The west Cork harbour of Castletownbere is Ireland's biggest whitefish port. Killybegs, Co Donegal is the most important port for pelagic (herring, mackerel, blue whiting) landings. Fish are also landed into Dingle, Co Kerry, Rossaveal, Co Galway, Howth, Co Dublin and Dunmore East, Co Waterford, Union Hall, Co Cork, Greencastle, Co Donegal, and Clogherhead, Co Louth. The busiest Northern Irish ports are Portavogie, Ardglass and Kilkeel, Co Down.

Yes, EU quotas are allocated to other fleets within the Irish EEZ, and Ireland has long been a transhipment point for fish caught by the Spanish whitefish fleet in particular. Dingle, Co Kerry has seen an increase in foreign landings, as has Castletownbere. The west Cork port recorded foreign landings of 36 million euro or 48 per cent in 2019, and has long been nicknamed the "peseta" port, due to the presence of Spanish-owned transhipment plant, Eiranova, on Dinish island.

Most fish and shellfish caught or cultivated in Irish waters is for the export market, and this was hit hard from the early stages of this year's Covid-19 pandemic. The EU, Asia and Britain are the main export markets, while the middle Eastern market is also developing and the African market has seen a fall in value and volume, according to figures for 2019 issued by BIM.

Fish was once a penitential food, eaten for religious reasons every Friday. BIM has worked hard over several decades to develop its appeal. Ireland is not like Spain – our land is too good to transform us into a nation of fish eaters, but the obvious health benefits are seeing a growth in demand. Seafood retail sales rose by one per cent in 2019 to 300 million euro. Salmon and cod remain the most popular species, while BIM reports an increase in sales of haddock, trout and the pangasius or freshwater catfish which is cultivated primarily in Vietnam and Cambodia and imported by supermarkets here.

The EU's Common Fisheries Policy (CFP), initiated in 1983, pooled marine resources – with Ireland having some of the richest grounds and one of the largest sea areas at the time, but only receiving four per cent of allocated catch by a quota system. A system known as the "Hague Preferences" did recognise the need to safeguard the particular needs of regions where local populations are especially dependent on fisheries and related activities. The State's Sea Fisheries Protection Authority, based in Clonakilty, Co Cork, works with the Naval Service on administering the EU CFP. The Department of Agriculture, Food and Marine and Department of Transport regulate licensing and training requirements, while the Marine Survey Office is responsible for the implementation of all national and international legislation in relation to safety of shipping and the prevention of pollution.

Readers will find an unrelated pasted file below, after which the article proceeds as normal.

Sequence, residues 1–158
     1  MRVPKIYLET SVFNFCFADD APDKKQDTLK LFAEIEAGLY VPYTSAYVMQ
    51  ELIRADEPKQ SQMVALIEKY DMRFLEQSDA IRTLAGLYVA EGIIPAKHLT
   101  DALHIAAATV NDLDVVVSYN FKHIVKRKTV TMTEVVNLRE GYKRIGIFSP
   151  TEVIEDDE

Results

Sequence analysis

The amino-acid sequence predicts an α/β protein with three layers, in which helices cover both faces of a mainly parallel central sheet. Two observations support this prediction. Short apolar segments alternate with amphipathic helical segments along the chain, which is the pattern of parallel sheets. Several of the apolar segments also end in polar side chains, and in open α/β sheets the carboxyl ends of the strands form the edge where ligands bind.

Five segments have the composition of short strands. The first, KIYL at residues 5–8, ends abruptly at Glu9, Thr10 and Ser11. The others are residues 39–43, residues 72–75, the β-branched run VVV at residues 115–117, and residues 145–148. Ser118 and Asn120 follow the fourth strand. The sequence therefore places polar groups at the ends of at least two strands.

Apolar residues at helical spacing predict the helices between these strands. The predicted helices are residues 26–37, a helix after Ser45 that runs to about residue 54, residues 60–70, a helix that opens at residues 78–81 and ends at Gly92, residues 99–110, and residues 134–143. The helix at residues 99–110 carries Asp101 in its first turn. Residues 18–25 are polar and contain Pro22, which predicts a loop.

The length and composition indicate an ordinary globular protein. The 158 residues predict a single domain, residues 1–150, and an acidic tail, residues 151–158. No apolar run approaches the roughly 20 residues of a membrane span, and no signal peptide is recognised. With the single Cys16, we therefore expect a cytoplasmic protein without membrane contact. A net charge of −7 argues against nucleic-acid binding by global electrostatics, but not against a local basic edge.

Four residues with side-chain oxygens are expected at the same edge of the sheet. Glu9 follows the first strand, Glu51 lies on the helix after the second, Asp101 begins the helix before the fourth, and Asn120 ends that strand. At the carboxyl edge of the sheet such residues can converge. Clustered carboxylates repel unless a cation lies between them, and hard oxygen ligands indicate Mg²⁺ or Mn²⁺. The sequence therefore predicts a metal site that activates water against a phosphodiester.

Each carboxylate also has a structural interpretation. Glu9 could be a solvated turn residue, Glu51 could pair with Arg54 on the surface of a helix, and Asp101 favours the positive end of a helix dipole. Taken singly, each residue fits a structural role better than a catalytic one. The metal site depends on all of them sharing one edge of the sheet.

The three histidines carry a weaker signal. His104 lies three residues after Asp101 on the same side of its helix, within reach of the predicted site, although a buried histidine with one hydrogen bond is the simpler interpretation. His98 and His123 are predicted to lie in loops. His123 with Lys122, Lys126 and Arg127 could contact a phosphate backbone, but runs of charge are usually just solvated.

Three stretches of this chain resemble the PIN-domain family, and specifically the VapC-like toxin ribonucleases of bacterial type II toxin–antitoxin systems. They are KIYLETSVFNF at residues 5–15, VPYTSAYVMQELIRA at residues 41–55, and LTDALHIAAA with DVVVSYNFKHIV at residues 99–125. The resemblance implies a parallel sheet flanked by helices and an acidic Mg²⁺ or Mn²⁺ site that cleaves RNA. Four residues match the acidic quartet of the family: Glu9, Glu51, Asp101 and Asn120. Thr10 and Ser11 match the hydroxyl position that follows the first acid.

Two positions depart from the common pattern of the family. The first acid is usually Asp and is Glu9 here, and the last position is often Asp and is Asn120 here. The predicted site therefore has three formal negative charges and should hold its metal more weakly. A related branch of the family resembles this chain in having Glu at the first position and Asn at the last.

Yes, a range of certificates of competency are required for skippers and crew. Training is the remit of BIM, which runs two national fisheries colleges at Greencastle, Co Donegal and Castletownbere, Co Cork. There have been calls for the colleges to be incorporated into the third-level structure of education, with qualifications recognised as such.

Safety is always an issue, in spite of technological improvements, as fishing is a hazardous occupation and climate change is having its impact on the severity of storms at sea. Fishing skippers and crews are required to hold a number of certificates of competency, including safety and navigation, and wearing of personal flotation devices is a legal requirement. Accidents come under the remit of the Marine Casualty Investigation Board, and the Health and Safety Authority. The MCIB does not find fault or blame, but will make recommendations to the Minister for Transport to avoid a recurrence of incidents.

Fish are part of a marine ecosystem and an integral part of the marine food web. Changing climate is having a negative impact on the health of the oceans, and there have been more frequent reports of warmer water species being caught further and further north in Irish waters.

Brexit, Covid 19, EU policies and safety – Britain is a key market for Irish seafood, and 38 per cent of the Irish catch is taken from the waters around its coast. Ireland's top two species – mackerel and prawns - are 60 per cent and 40 per cent, respectively, dependent on British waters. Also, there are serious fears within the Irish industry about the impact of EU vessels, should they be expelled from British waters, opting to focus even more efforts on Ireland's rich marine resource. Covid-19 has forced closure of international seafood markets, with high value fish sold to restaurants taking a large hit. A temporary tie-up support scheme for whitefish vessels introduced for the summer of 2020 was condemned by industry organisations as "designed to fail".

Sources: Bord Iascaigh Mhara, Marine Institute, Department of Agriculture, Food and Marine, Department of Transport © Afloat 2020